The output of the operational amplifier 25 is the control voltage Uo, which depending on the marking from which the signal is derived can be used to control either the multipole 3, the generator of the axial magnetic field or the magnification or demagnification of the projection lens 10. Each pair of detectors is provided with a corresponding circuit between the detector pair and the electrical device which is controlled by the control voltage ultimately produced by that detection pair.
FIG. 10 shows, by way of example, how the voltage Uo can be applied to an octopole forming the multipole 3 in a manner so as to deflect the ion beam in the X-direction. The poles of the octopole are arrayed around the optical axis of the apparatus and in FIG. 10, the Y-direction is shown perpendicular to the X-direction.
From the marking 17 in FIG. 12 and FIGS. 5-8, the respective detectors generate a signal Uy which is vectorially added to Uo, in order to simultaneously deviate the beam in the x-y direction. The resulting vector sums are applied to the corresponding poles of the octopole in accordance with the relationship shown in FIG. 10.
Note that the pole along the X-axis to the right receives the signal -Uo while the pole 14 at 180° spaced from the first-mentioned pole receives the signal +Uo. The poles at 14 at quadrature to these poles receive O contribution from the control voltage Uo and the poles in the four quadrants receive contributions at different signs to either side of the Y-axis corresponding to 0.7071 Uo. A similar distribution of the vector components of the value of Uy is likewise made.
Similarly to what has been described with respect to FIG. 10, the operational amplifier 25 in the circuit of the respective detectors supplies a current to the coil 4 which generates an axial magnetic field and causes rotation of the image about the axis of the ion beam. Similarly, the projection lens 6 is controlled from the output of the respective operational amplifier.
FIGS. 5-8 show how the projections of the markings 11-13 from the mask 1 may correspond to the markings 16-18 of the substrate 2. In each case, the projection of a marking is represented with a broken line, while the marking of the substrate is shown as a V-shaped groove therein.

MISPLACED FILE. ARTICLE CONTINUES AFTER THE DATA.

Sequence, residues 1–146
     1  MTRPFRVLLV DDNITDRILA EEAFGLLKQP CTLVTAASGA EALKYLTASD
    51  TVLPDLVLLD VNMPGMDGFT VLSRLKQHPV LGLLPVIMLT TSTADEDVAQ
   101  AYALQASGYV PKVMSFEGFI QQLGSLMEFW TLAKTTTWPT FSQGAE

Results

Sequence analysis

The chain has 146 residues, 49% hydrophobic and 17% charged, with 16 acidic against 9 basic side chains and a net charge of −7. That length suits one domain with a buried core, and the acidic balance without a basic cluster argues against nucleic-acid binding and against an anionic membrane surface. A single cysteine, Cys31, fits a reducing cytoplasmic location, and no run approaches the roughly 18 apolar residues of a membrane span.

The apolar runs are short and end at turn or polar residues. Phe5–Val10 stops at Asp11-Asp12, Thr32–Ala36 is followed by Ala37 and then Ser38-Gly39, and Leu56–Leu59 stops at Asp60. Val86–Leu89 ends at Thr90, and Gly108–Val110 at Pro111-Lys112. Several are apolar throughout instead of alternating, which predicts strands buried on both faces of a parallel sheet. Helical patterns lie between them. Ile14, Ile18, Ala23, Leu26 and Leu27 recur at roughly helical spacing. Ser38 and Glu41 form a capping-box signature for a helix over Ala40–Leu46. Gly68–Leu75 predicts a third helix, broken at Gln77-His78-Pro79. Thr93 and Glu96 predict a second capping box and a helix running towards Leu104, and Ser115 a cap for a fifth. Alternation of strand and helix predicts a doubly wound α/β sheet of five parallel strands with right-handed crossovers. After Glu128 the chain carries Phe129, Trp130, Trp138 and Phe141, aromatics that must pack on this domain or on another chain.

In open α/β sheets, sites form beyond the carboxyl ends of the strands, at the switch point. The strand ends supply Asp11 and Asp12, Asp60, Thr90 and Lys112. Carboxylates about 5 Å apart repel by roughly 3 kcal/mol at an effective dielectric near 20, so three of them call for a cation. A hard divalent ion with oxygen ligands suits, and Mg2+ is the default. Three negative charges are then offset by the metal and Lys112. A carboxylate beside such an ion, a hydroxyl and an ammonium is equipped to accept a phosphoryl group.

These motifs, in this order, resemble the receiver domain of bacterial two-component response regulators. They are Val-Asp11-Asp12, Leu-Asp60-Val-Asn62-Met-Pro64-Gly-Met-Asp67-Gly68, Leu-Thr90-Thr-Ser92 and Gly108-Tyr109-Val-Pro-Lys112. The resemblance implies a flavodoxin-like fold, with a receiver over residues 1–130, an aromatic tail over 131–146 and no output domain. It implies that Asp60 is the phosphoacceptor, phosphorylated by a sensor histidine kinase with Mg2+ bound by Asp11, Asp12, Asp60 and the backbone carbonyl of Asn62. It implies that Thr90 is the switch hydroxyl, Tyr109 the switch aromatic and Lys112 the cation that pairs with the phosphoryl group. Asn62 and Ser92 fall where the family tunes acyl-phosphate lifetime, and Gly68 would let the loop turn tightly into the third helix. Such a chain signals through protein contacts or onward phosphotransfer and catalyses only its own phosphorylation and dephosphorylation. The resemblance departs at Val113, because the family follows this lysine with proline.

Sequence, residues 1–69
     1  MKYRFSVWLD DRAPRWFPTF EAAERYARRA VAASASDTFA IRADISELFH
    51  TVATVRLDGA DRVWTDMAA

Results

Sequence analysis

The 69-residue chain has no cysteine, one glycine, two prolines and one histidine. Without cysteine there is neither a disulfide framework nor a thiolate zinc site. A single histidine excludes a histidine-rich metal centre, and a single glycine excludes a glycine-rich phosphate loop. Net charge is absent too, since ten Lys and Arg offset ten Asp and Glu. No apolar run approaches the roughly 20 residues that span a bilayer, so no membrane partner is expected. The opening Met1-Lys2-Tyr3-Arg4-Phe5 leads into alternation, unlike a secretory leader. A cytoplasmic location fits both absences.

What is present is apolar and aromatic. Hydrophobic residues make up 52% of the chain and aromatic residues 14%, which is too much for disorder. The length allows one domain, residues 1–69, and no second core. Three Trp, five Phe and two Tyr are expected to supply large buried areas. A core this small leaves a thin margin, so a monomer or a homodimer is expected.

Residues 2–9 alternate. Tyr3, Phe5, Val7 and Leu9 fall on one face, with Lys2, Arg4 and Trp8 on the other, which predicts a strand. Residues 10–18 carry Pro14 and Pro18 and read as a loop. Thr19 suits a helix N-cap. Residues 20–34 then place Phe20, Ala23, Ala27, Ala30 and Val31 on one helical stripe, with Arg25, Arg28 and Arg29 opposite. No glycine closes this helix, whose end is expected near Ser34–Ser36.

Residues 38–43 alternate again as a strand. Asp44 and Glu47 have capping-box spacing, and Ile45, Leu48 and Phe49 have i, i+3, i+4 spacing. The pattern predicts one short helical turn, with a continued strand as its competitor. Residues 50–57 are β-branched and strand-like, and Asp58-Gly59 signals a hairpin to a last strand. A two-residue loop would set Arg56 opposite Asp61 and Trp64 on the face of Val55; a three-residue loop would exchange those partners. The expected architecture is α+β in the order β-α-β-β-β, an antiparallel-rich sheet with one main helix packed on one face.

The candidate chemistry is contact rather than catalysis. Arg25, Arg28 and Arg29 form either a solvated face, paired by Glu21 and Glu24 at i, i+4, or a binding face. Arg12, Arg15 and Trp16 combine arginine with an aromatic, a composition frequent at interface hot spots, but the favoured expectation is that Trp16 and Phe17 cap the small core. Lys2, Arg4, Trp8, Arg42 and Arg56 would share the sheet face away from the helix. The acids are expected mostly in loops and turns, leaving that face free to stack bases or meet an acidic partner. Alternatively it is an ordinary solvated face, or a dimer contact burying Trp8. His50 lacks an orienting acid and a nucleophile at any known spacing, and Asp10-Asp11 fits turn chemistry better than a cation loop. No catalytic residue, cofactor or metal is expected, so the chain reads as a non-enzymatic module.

It should be noted that each marking of the mask need not be a continuous slit, but like the broken line represented in FIGS. 5-8 may be a series of openings which are aligned with one another. Thus each image can indeed be an interrupted line.
FIG. 5 shows the positions of the marking images and the substrate markings before an electronic shift of the ion-beam projection in the X-direction is effected.
After this movement (FIG. 6), a rotation of the projected image can be effected in which the images of the markings 11 of the mask 1 coincide precisely with the median plane through the marking 16.
Then a Y-direciton shift of the projected image can be effected through the multipole (FIG. 7) without effecting the proper positioning of the images of the markings 11 on the marking 16.
After the Y-direction shift (FIG. 7), the image of the marking 12 coincides with the center of the V-shaped groove 17 of the substrate. The single marking which not yet coincides with a marking of the substrate is the marking 13 which is offset from the substrate marking 18, but is parallel thereto since the marking 18 is parallel to but offset from the marking 17.
Coincidence of the marking 13 and the marking 18 is effected by control of the projection lens and thereby variation of the magnification scale so that the overlap of the images shown in FIG. 8 will result.
From FIG. 8 and a comparison thereof with FIGS. 5-7, it will be apparent that the adjustments in the X- and Y-direction through the multipole, the rotation via the magnetic-field generator 4 and the scale change effected by the projection lens, all of the markings of the mask can be electronically brought into registry with the substrate markings so that the projected image of the mask 1 will be fully aligned with the substrate 2. Projection of the mask structure can then be effected if it had not begun during the alignment.